The article below seeks to examine the neuropsychological elements of NLP and EI. It does not seek to establish a link between NLP and EI. Since completing the research piece below (which was submitted as a requirement for the IT Carlow Level 9 Special Award in Emotional Intelligence in 2010), I came across the iWAM (inventory of Work Attitudes and Motivators) EQ test. Unlike the Bar-On test, the iWAM measures attitudes which are the basis for a person’s competencies. iWAM goes much deeper into a subject’s metaprograms (cognitive patterns) to help understand why they do what they do in the work environment.
Since the time of Plato in Ancient Greece, man has been interested in human psychology. From these historical foundations, through the various schools of thought on the subject many of the greatest thinkers and academics have put forward theories on how and why man acts in the way that he does in different situations.
The last Century has seen probably the greatest evolution in the field of psychology. Individual areas of study have become areas of specialisation for academics and clinicians alike. The word Psychology is fast becoming the ‘umbrella’ term for a field of study that is made up of individual specialities such as: Behavioural, Cognitive or Neuro psychology in the same way that Surgery has become the umbrella term covering individual fields such as Neuro, Cardiac and Orthopedic surgery.
Over the last 30 plus years, human behaviour has come under the spotlight even more. Advances in brain analysis have been made easier by advances in technology that enables the study of live brains rather than earlier studies of the brains of deceased subjects. The arrival of technology such as functional Magnetic Resonance Imaging (fMRI) has had a major effect on the ability of scientists to go deeper and focus on the examination of specific aspects of brain function (Banich & Compton, 2003, p.65). Such developments have helped evolve the whole area of Neuropsychology and Cognitive Neuroscience.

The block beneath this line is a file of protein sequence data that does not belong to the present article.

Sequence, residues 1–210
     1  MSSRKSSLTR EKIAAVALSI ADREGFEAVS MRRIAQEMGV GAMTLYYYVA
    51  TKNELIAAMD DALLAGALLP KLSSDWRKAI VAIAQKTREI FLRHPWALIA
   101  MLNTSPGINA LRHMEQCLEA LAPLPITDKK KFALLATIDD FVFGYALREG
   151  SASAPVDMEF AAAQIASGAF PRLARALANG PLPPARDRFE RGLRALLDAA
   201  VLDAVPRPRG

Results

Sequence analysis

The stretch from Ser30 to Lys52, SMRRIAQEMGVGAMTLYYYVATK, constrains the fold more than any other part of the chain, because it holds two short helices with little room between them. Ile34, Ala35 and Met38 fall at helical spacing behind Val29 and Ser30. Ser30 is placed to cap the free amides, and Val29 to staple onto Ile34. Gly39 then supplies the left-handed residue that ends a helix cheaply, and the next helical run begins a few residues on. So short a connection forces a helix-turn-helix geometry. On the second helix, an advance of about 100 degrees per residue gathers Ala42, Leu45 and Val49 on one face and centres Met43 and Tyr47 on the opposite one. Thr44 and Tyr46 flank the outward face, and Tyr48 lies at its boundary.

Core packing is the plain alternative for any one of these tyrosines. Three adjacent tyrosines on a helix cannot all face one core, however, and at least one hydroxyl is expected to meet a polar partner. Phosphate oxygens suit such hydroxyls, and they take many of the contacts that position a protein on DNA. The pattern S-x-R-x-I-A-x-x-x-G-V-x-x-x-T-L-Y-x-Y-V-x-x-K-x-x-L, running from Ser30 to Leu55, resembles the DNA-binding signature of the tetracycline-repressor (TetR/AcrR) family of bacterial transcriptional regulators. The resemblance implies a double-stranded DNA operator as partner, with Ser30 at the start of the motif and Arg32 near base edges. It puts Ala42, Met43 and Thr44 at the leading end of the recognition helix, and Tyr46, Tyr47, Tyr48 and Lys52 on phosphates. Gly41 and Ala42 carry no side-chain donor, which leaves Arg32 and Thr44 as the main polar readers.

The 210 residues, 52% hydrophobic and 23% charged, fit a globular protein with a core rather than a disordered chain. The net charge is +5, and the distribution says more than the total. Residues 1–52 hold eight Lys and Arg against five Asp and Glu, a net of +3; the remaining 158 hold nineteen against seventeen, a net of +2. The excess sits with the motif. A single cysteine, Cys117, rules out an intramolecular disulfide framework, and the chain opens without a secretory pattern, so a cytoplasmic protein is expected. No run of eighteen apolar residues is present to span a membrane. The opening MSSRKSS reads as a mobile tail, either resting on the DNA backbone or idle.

According to Banich & Compton (2003) Neuropsychology “focuses on understanding mental processes in humans” while Cognitive Neuroscience “is critical to our understanding of the link between brain and mind”. It appears from this that the general area of neuroscience and neuropsychology seeks to go beyond the more traditional anatomical understanding of how the brain functions to examine some of the ‘softer’ functions of ‘why’ and ‘how’ we do what we do in given circumstances.
Since the 1970’s there have been developments in the field of human behaviour which until now have been largely considered to be outside the realms of academia and traditional medicine. Some, such as Neuro Linguistic Programming (NLP) are rarely viewed from an academic or medical perspective except to be predominantly ridiculed, while others, such as Emotional Intelligence (EI) are considered closer to the academic and psychology world.
Despite the apparent lack of formal support, NLP has evolved to become a global multi-million dollar business with supporters and practitioners claiming continual ‘treatment’ successes while non-supporters continue to dispute the validity of treatments.
Emotional Intelligence (EI) was first put forward by Goleman (1995) as a mechanism used by people to maintain positive interactions and relationships with others (Hayes, 2010, p. 206). Since then others, such as Bar-On & Parker (2000), Caruso & Solvay (2004), Mathews et al. (2004) and Stein & Book (2006) have further explored the concept of EI.
There are definite overlaps between Neuroscience, NLP and EI, despite the traditional academic reticence. The purpose of this piece is to investigate the extent of these overlaps, identify the links between them and establish the neuropsychological basis for all.
Emotional Intelligence (EI)
Emotional Intelligence (EI) is widely accredited to Daniel Goleman (1995). Goleman defined EI as “…the capacity for recognising our own feelings and those of others, for motivating ourselves, and for managing emotions well in ourselves and in our relationships.” However during the 1980’s Dr. Reuven Bar-On developed a hypothesis called Emotional Quotient (EQ). Bar-On believed that EI was made up of overlapping skills and attitudes (Stein & Book, 2006, p 2). The Bar-On EQ-i (Emotional Quotient Intelligence) model measures EI under five general theme areas. These areas are subdivided into fifteen sub-scales.
Mayer and Salovey (1997) identified four branches of Emotional Intelligence (Bar-On & Parker, 2000 pp 107-111). The first relates to the person’s capacity to perceive. The second relates to the need for emotions to enter the cognitive system where they progress to the third branch: understanding of the emotion. Finally, there is the fourth branch: emotion management.